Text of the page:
|Bagnall, Ruth Ann|
|Shatters, Robert - Bob|
Submitted to: Molecular Ecology Notes
Publication Type: Peer Reviewed Journal
Publication Acceptance Date: 5/22/2007
Publication Date: 11/1/2007
Citation: Boykin, L.M., Bagnall, R.A., Frohlich, D.R., Hall, D.G., Hunter, W.B., Katsar, C.S., McKenzie, C.L., Rosell, R.C., Shatters, R.G. 2007. Twelve polymorphic microsatellite loci from the Asian Citrus Psyllid, Diaphorina citri Kuwayama, the vector for citrus greening disease Huanglongbing. Molecular Ecology Notes.7:1202-1204. Available: Doi: 10.111/j1471-8286.2007.01831 Interpretive Summary: Diaphorina citri (the Asian citrus psyllid) is the vector of a plant bacterial pathogen that is the most serious citrus pest worldwide causing a disease known as citrus greening or Huanglongbing. Originating in Asia, this insect pest was introduced into the U.S. in the late 1990s. In 2005, citrus greening symptoms were observed in the U.S and presence of the bacterial agent was confirmed. Although there has been significant research on the biology of D. citri, almost nothing is known about the genetic diversity of this insect in the U.S. and worldwide, and on how its genetics influence vectoring of the greening disease agent. This report describes the identification of genetic markers, termed microsatellite loci, for D. citri that can be used to begin to understand the genetic complexity within D. citri populations in the U.S. and how this compares to D. citri populations worldwide. This information will allow a better understanding of how the insect moved into the U.S. and allow us to model continued movement of this insect within the U.S. It will also be used to determine if variation in the ability to vector the greening agent exists within the U.S. populations of D. citri.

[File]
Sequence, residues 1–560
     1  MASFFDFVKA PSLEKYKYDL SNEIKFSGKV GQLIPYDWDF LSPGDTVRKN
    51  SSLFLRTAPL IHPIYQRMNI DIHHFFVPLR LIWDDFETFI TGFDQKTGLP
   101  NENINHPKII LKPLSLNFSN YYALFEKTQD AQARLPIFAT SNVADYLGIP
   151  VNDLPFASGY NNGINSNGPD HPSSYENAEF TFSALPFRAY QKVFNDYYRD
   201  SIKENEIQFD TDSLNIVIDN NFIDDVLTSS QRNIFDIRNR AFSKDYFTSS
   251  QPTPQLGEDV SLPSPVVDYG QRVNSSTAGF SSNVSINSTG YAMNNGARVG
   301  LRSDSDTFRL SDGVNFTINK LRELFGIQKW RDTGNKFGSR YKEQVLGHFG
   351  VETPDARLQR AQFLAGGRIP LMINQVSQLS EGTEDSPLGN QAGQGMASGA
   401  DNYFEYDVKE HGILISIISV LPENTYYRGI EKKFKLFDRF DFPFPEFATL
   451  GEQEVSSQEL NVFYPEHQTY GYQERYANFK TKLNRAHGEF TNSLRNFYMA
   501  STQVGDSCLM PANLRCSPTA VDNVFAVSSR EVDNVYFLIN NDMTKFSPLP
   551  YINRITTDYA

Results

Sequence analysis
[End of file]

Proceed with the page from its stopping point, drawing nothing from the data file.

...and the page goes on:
Technical Abstract: Twelve polymorphic microsatellite markers were developed from microsatellite-enriched DNA libraries and mined from an EST library of Diaphorina citri, the vector of the devastating citrus greening disease (Huanglongbing). Analysis of 288 individuals from Florida, Texas, and Brazil showed allelic diversity ranged from 3 to 8 alleles per locus and the observed and expected heterozygosity ranged from 0.014-0.569 and 0.052-0.653, respectively. These variable microsatellite loci can provide means for assessing overall genetic variation and migration patterns for this agriculturally important pest species. Understanding the genetic variation and movement of D. citri will aid in developing successful management strategies.